About the Book
The 5th Century BC. The Greek city-states are engaged in perpetual war. But one man towers above the chaos. His name is Alkibiades. He is at once a pirate, statesman and seducer whose adventures rival those of Odysseus himself.
Citizen of Athens, friend of Socrates, sailor, warrior and inveterate lover, Alkibiades flees persecution in his native city to join the Spartan cause.
However, his brilliant naval and diplomatic victories on their behalf do not save him from the consequences of impregnating the Spartan queen, and once more he takes up the outcast’s mantle.
Format: ebook (384 pages) Publisher: Endeavour Press
Publication date: 2014  Genre: Historical Fiction, Classics
Find The Flowers of Adonis on Goodreads
The Flowers of Adonis is the book from my Classics Club list chosen for me in the latest Classics Club Spin. Having devoured Rosemary Sutcliff’s books, such as The Eagle of the Ninth, when I was younger I was delighted when the spin result was announced. The book also fulfils one of the categories for the When Are You Reading? Challenge 2020hosted by Sam at Taking on a World of Words.
The Flower of Adonis is a fictionalized account of the life of Alkibiades, an Athenian General. In her Author’s note Rosemary Sutcliff describes her protagonist as “an enigma”, going on to remark, “Even allowing that no man is all black and white, few men can ever have been more wildly and magnificently piebald”. Well, that’s one way to put it!
I know some readers have struggled with the multiple narrators and the frequent switching between them, sometimes within the same chapter. Personally, I didn’t find that any barrier to my enjoyment of the book. In fact, I felt it helped to provide insights into the different facets of Alkibiades’ character whether from the point of view of those who were his close companions, those who served with him in a military capacity or those who knew him only as a public figure. What did slightly grate for me was that the narrators continued to be referred to in the section headings by their occupations or status – The Soldier, The Seaman, The Citizen, and so on – even after the reader learns the names of the main ones (Arkadius, Antiochus and Timotheus respectively). I appreciate this may have been an editorial decision for consistency or perhaps it was to emphasise their role as representatives of different strands of society.
I found myself most uncomfortable with the way the sections from the point of view of Timandra, the slave girl who becomes the long-time companion of Alkibiades, are headed ‘The Whore’. Perhaps it’s because I found those sections the most affecting that it rankled so much. If Timandra is ever a ‘whore’ it’s because she was captured and sold into slavery but she is always utterly faithful to Alkibiades. The same cannot be said of him. And as for his treatment of the Spartan Queen…!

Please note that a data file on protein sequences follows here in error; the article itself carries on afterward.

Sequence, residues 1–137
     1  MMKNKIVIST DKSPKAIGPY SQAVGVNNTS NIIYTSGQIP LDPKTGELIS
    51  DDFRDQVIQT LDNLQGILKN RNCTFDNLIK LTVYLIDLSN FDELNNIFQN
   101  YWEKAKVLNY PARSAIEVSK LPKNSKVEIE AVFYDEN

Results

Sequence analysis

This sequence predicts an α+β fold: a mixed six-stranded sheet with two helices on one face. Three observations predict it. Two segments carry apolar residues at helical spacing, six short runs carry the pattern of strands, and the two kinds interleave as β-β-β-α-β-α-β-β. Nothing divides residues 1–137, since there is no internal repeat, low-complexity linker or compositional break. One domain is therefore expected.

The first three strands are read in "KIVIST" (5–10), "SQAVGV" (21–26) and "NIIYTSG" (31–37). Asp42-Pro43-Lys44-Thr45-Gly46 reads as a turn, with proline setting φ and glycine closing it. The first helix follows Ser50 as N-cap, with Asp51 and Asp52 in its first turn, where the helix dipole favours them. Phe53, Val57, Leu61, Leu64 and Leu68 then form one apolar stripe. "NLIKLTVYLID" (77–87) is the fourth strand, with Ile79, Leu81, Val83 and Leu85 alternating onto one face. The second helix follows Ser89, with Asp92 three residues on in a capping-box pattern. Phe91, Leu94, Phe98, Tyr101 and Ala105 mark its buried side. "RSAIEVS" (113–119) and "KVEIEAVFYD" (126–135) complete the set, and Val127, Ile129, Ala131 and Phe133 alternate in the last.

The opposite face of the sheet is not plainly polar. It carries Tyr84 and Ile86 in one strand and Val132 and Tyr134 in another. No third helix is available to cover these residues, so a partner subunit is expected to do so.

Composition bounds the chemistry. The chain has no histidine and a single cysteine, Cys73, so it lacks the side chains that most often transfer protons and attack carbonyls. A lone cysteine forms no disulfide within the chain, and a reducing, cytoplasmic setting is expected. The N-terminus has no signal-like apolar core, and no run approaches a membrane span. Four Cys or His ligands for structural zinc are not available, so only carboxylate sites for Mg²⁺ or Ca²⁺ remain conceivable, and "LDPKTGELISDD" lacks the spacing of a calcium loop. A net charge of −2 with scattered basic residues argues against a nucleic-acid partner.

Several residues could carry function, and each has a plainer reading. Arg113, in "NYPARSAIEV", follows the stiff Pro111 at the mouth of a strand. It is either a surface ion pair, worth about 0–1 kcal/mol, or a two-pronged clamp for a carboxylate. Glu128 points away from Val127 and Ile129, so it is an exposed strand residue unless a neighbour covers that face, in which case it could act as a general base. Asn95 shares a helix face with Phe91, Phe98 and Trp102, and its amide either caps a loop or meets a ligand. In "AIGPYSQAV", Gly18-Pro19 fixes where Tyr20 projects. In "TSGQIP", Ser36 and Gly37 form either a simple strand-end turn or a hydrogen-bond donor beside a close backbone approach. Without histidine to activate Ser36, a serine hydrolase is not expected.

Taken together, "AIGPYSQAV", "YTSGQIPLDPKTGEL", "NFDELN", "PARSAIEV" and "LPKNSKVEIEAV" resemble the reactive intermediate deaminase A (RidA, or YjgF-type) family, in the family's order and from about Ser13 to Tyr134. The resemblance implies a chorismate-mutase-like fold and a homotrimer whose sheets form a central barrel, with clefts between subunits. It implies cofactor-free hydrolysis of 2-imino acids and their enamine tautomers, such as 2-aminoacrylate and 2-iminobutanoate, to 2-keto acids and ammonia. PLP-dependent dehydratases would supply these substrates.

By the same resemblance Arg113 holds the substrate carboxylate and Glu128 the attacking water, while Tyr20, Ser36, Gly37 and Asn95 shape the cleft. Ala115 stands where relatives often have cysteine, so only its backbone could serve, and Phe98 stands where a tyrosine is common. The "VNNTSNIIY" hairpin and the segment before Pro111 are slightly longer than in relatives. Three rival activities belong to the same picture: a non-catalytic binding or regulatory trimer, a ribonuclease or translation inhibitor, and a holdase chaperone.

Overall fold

The Alkibiades portrayed by Rosemary Sutcliff is indeed an enigmatic figure. He’s bold, resourceful, courageous in battle, a skilful negotiator and an accomplished tactician who inspires devotion in those who serve with him. He’s also mercurial, ruthless, impetuous, easily bored and possesses a supreme belief in his own ability. Of one bold plan, he observes, “It’s a gamble – a glorious gamble, but I can pull it off for you, and there’s not another man who can!”
With promises such as that, to begin with he is viewed as the saviour of an Athens desperate for a victory after a series of defeats. However, as we have seen in modern times, having the hopes of a population riding on you can be a heavy burden and the fall from grace if success is not delivered can be even swifter than the rise. As Timotheus observes sadly at the end of the book, ‘Something that was in Athens when I was a boy will not be there for my sons’. Or in the words of the song, “Don’t it always seem to go, That you don’t know what you’ve got, Till it’s gone’.
I’ll confess that much of the forming and breaking of alliances, the political intrigue and the conquest, loss and often re-conquest of cities and territory left me slightly confused. However, I enjoyed the exciting battle scenes and the wealth of fascinating historical detail about life at that time. Apart from Timandra, my favourite character was Antiochus, Alkibiades’ trusted and loyal right hand man. Alkibiades himself I found intriguing but difficult to like.
The Flowers of Adonis (the title refers to a religious celebration that features at the beginning of the book and is cleverly echoed at its moving ending) is an accomplished piece of historical fiction by a writer who knew how to bring the past alive. Reading the book reminded me I have Rosemary Sutcliff partly to thank for my enduring love of historical fiction.
In three words: Epic, action-packed, detailed
Try something similar: The New Achilles by Christian Cameron
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About the Author
Rosemary Sutcliff (1920-1992) wrote dozens of books for young readers, including her award-winning Roman Britain trilogy, The Eagle of the Ninth, The Silver Branch, and The Lantern Bearers, which won the Carnegie Medal. The Eagle of the Ninth is now a major motion picture, The Eagle, directed by Kevin MacDonald and starring Channing Tatum. Born in Surrey, Sutcliff spent her childhood in Malta and on various other naval bases where her father was stationed. At a young age, she contracted Still’s Disease, which confined her to a wheelchair for most of her life. Shortly before her death, she was named Commander of the British Empire (CBE) one of Britain’s most prestigious honours. She died in West Sussex, England, in 1992.
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